Shelter for families displaced by Cyclone Phailin

India, November 4, 2013

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  • People sit on the roof of a house after Cyclone Phailin hit Brahmapur town in Ganjam district in the eastern Indian state of Odisha on October 13. India's strongest storm in 14 years left a trail of destruction along the country's east coast, but little loss of life was reported after close to a million people took refuge in shelters. Photo: Reuters/Adnan Abidi, courtesy Trust.org
  • A woman stands outside her damaged house. Mercy Corps teams found nearly 60 percent of homes were damaged or destroyed. Photo: Reuters/Ahmed Masood, courtesy Trust.org

Last month, Cyclone Phailin hit the eastern coast of India with 140 mph winds and torrential rain. It was the worst storm that India has seen in 14 years, flooding local rivers, submerging roads and homes, and decimating crops.

Government efforts to evacuate nearly one million people from coastal areas prior to the storm saved lives, but as many as 60 percent of shelters — most mud houses with thatched roofs — in the hardest-hit communities were damaged or destroyed. Hundreds of thousands of families have been displaced or stranded in remote, inland areas.

Mercy Corps teams quickly traveled to the hardest-to-reach areas of Odisha state to assess needs.

As winter approaches, it is critical for families to have shelter from increasing rains. Thanks to support from the Vista Hermosa Foundation, we'll distribute emergency materials like tarpaulins, bamboo and rope purchased from local vendors — to help boost the businesses that have also been hurt by the cyclone. Our goal is to equip 2,000 families with adequate shelter.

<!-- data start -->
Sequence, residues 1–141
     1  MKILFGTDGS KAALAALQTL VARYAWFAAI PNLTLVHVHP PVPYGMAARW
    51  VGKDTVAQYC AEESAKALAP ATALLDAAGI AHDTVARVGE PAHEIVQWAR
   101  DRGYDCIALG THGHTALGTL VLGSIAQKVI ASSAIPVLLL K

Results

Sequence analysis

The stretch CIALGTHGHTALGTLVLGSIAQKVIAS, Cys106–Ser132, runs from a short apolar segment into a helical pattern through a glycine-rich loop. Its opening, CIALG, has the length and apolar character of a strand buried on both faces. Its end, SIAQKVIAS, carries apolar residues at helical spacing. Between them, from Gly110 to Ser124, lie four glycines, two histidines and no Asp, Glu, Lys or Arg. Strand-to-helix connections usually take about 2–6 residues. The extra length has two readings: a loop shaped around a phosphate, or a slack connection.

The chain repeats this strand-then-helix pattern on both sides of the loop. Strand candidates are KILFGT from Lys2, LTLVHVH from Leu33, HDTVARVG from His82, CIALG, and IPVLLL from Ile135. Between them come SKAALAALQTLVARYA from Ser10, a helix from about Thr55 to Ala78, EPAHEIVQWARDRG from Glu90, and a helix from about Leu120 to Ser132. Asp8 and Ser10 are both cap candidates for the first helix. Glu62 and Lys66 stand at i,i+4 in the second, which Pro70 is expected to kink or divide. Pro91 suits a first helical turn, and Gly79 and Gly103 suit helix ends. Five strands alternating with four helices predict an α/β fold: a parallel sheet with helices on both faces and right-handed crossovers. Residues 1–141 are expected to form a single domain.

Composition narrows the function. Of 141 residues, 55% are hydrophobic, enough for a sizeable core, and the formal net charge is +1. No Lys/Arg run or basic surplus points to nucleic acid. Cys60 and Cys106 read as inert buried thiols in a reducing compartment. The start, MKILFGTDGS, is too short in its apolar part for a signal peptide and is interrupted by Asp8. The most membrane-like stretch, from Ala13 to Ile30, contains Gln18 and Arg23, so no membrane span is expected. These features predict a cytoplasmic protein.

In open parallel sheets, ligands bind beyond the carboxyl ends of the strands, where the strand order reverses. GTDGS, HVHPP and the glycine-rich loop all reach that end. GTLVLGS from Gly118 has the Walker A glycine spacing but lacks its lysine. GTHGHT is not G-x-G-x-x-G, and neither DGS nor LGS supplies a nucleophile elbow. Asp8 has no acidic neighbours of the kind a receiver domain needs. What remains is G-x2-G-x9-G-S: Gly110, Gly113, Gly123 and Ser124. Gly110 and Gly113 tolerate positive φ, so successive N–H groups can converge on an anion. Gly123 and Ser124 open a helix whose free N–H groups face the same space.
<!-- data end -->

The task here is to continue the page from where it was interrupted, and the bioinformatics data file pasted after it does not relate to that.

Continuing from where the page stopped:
The storm also dismantled the electric system, leaving even the homes still standing without power. Lingering flood waters have also contaminated drinking water.

We’ll also be distributing vital supplies including water purifiers, kitchen utensils, bedding and solar lighting systems so that household activities can continue in the absence of electricity.

While we focus on long-term development efforts in some of the most neglected northern communities — working to improve agricultural incomes, health services and educational opportunities — our teams are always ready to act in crisis.

Mercy Corps has worked in India since 2001, responding to emergency needs after the Gujarat earthquake and the Indian Ocean Tsunami in 2005. Last year, we provided basics to families displaced by conflict and flooding in Assam, and are now helping them resettle and restart their farms.

Likewise, we will be there to help families in Odisha through this crisis and stay to help them rebuild their lives.

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